The history of fair housing

What is the Fair Housing Act?

You’re required to do more

As part of your pledge to follow the Code of Ethics, you agree to follow stricter rules than those required by the Fair Housing Act.

In addition to the seven protected classes in federal law—race, color, religion, sex, disability, familial status, and national origin—Article 10 of the Code of Ethics says that you won’t discriminate against someone based on sexual orientation or gender identity.

The Fair Housing Act protects everyone from discrimination based on race, color, national origin, religion, sex, familial status, or disability—the so-called seven protected classes. Specifically, the following actions are prohibited based on someone’s membership in a protected class:

  • Refusing to rent or sell housing
  • Refusing to negotiate for housing
  • Making housing unavailable
  • Denying a dwelling
  • Setting different terms, conditions, or privileges for sale or rental of a dwelling
  • Providing different housing services or facilities
  • Falsely denying that housing is available for inspection, sale, or rental
  • Engaging in blockbusting practices
  • Denying anyone access to or membership in a facility or service (such as multiple listing service) related to the sale or rent of housing
  • Threatening, coercing, intimidating, or interfering with anyone exercising a fair housing right or assisting others who exercise that right
  • Advertising or making any statement that indicates a limitation or preference based on race, color, national origin, religion, sex, familial status, or disability.

There are exemptions

Check your local laws

Communities in Texas can add to the protections afforded by the Fair Housing Act. San Antonio, for example, prohibits discrimination based on veteran status, sexual orientation, and gender identity. And Austin adds sexual orientation, gender identity, marital status, student status, and age. Contact your local housing office to learn about protections in your area.

The Fair Housing Act does not apply in all circumstances. Generally speaking, the rules don’t apply to:

  • Small owner-occupied buildings with no more than four units
  • Single-family homes sold or rented without a broker
  • Religious organizations providing noncommercial housing to a religious subset
  • Certain private clubs (that favor club members over others)
  • Certain housing designated for senior housing.

Consider criminal history carefully

Help consumers understand Fair Housing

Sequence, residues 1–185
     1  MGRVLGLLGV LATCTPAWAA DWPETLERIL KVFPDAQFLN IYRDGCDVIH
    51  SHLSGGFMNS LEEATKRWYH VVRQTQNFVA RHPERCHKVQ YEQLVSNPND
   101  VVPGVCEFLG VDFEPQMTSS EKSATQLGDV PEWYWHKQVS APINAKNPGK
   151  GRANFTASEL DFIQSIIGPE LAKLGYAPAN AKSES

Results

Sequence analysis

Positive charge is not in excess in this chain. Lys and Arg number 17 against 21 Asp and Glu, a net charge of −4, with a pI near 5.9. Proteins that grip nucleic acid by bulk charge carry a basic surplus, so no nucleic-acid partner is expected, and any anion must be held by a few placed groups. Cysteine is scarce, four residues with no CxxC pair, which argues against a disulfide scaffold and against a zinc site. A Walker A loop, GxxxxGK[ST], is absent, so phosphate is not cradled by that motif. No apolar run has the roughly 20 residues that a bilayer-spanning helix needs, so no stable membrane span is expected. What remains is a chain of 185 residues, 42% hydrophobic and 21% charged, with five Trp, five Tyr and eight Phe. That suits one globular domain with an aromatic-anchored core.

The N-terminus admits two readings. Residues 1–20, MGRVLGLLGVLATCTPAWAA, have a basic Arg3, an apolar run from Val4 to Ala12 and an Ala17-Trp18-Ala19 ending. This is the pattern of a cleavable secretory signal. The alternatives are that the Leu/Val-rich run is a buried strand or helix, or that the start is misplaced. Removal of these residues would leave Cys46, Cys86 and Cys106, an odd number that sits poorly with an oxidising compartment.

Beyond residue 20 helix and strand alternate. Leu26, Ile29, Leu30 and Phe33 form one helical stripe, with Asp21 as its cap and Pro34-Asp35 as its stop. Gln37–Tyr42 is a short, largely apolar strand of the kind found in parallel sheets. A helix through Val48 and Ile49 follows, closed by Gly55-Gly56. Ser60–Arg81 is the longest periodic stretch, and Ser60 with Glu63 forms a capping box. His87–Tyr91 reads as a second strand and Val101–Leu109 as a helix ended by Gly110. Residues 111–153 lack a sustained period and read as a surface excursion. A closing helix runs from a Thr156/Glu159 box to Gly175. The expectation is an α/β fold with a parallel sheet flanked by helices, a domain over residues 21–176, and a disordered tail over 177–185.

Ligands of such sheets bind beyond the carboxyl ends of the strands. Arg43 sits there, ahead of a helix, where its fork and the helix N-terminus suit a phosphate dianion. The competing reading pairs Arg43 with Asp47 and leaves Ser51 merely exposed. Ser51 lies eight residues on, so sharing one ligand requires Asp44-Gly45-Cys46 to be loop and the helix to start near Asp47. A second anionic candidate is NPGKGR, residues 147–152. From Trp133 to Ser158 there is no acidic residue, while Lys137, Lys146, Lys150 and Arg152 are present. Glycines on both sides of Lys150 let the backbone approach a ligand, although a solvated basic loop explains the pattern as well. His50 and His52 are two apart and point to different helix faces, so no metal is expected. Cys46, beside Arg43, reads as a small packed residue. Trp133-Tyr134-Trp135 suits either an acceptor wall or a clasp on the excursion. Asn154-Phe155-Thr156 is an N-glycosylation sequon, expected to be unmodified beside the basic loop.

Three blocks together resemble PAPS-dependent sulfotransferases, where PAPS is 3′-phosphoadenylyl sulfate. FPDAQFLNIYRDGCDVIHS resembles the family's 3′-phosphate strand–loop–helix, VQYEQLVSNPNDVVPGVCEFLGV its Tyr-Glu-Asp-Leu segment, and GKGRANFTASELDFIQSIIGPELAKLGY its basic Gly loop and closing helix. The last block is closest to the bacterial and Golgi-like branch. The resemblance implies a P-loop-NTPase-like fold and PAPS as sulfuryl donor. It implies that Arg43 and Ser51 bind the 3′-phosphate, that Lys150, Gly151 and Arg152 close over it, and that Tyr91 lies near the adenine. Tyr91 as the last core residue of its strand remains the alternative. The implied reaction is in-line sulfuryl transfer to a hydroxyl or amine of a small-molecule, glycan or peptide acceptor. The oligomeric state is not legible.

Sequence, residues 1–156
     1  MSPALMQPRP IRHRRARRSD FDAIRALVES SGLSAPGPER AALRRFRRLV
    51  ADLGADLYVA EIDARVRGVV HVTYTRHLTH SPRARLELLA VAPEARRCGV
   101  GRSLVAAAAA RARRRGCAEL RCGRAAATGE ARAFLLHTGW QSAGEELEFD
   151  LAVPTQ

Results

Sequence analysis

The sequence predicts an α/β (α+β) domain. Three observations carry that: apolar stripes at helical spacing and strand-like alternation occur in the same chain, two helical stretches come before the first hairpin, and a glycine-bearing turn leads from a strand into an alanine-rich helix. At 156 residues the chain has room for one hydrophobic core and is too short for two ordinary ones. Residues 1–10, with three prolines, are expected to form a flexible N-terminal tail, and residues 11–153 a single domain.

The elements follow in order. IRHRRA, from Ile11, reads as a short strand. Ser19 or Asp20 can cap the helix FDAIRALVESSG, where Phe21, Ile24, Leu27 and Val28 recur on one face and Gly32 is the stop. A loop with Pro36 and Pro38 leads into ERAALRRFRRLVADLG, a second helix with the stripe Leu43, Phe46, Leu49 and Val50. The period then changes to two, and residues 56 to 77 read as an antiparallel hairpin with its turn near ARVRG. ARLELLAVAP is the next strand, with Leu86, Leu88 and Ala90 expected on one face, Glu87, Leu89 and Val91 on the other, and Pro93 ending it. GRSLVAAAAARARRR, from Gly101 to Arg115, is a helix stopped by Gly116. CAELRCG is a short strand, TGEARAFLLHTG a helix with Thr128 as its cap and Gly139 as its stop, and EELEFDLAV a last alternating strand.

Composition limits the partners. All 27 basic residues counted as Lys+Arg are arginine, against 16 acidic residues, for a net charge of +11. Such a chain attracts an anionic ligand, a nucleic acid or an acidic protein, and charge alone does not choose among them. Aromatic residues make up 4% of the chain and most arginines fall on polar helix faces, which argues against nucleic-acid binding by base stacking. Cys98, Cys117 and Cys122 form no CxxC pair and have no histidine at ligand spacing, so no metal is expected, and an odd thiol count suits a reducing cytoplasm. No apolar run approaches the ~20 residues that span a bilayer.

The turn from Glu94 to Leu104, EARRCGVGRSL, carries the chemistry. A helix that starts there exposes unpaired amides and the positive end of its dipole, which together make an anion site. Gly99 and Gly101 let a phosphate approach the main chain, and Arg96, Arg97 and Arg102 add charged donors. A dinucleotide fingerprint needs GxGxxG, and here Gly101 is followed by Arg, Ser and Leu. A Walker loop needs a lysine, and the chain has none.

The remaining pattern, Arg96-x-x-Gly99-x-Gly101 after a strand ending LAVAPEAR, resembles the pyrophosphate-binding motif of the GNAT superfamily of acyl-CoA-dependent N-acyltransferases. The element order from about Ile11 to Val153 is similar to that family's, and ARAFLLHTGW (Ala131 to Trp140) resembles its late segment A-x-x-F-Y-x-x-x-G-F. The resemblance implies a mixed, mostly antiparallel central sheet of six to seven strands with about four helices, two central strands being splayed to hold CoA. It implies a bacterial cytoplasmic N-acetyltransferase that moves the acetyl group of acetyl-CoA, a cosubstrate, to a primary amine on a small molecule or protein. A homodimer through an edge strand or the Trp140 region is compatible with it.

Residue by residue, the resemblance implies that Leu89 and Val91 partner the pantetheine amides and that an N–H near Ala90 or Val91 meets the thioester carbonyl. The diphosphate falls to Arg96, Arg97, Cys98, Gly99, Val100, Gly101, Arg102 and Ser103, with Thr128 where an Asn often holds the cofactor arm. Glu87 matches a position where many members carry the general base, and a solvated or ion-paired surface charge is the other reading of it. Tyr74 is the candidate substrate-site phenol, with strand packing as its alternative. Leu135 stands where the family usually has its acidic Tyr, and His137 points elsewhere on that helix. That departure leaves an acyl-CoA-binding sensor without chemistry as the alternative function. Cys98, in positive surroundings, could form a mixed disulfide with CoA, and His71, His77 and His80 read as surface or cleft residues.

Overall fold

Download this one-page flier that explains what the Fair Housing Act means and how it benefits everyone.

The U.S. Department of Housing and Urban Development published guidance in 2016 that says a policy of refusing to rent to anybody with a criminal record could be discrimination, since the Fair Housing Act prohibits both intentional housing discrimination and housing practices that have a discriminatory effect on protected classes. HUD says that because of racial and ethnic disparities in the U.S. criminal justice system, criminal-history-based restrictions on access to housing are likely to disproportionately affect African Americans and Hispanics. That doesn’t mean landlords and property managers can’t consider criminal history information when making housing decisions, but arbitrary and broad criminal-history-related bans may violate the Fair Housing Act.

Fair Housing milestones


The Civil Rights Act of 1866 is enacted, which grants full citizenship rights to males born in the U.S. regardless of race and guarantees all U.S. citizens the rights to inherit, purchase, lease, sell, hold, or convey real and personal property

April 9, 1866

President Ulysses S. Grant signs the Civil Rights Act of 1875, which among other things guarantees African Americans equal treatment in public accommodations.

March 1, 1875

The U.S. Supreme Court declares parts of the 1875 Civil Rights Act unconstitutional, including the prohibition of racial discrimination in public accommodations.


The U.S. Supreme Court strikes down a Kentucky rule that prohibits African Americans from living on a block if the majority of the block’s residents are white.

November 5, 1917

The U.S. Supreme Court allows residents in Washington, D.C., to void their neighbor’s contract to sell her house because it’s being sold to an African American.

May 24, 1926

The newly created Federal Housing Administration refuses to back mortgages in certain neighbor-hoods because of their racial composition.

June 27, 1934

The U.S. Supreme Court rules that private agreements in the sale of real estate that discriminate against people of certain races cannot be enforced.

May 3, 1948

The National Committee Against Discrimination in Housing is created with the mission of eliminating housing discrimination.


New York becomes the first city to ban discrimination in private housing.

December 5, 1957

Colorado becomes the first state to ban discrimination in private housing.

September 10, 1959

President John F. Kennedy signs Executive Order 11063, which prohibits discrimination based on race, color, religion, or national origin in federally funded housing.

November 20, 1962

Congress enacts the Civil Rights Act of 1964, which prohibits discrimination on the basis of race, color, sex, or national origin in programs and activities receiving federal financial assistance. This includes any housing receiving federal funding.

July 2, 1964

President Lyndon Johnson signs Executive Order 11246, which authorizes federal agencies to enforce the Civil Rights Act of 1964.

September 24, 1965

President Johnson signs into law the Civil Rights Act of 1968, which among other things prohibits discrimination on the basis of race, color, religion, sex, or national origin in the sale, rental, or financing of housing.

April 11, 1968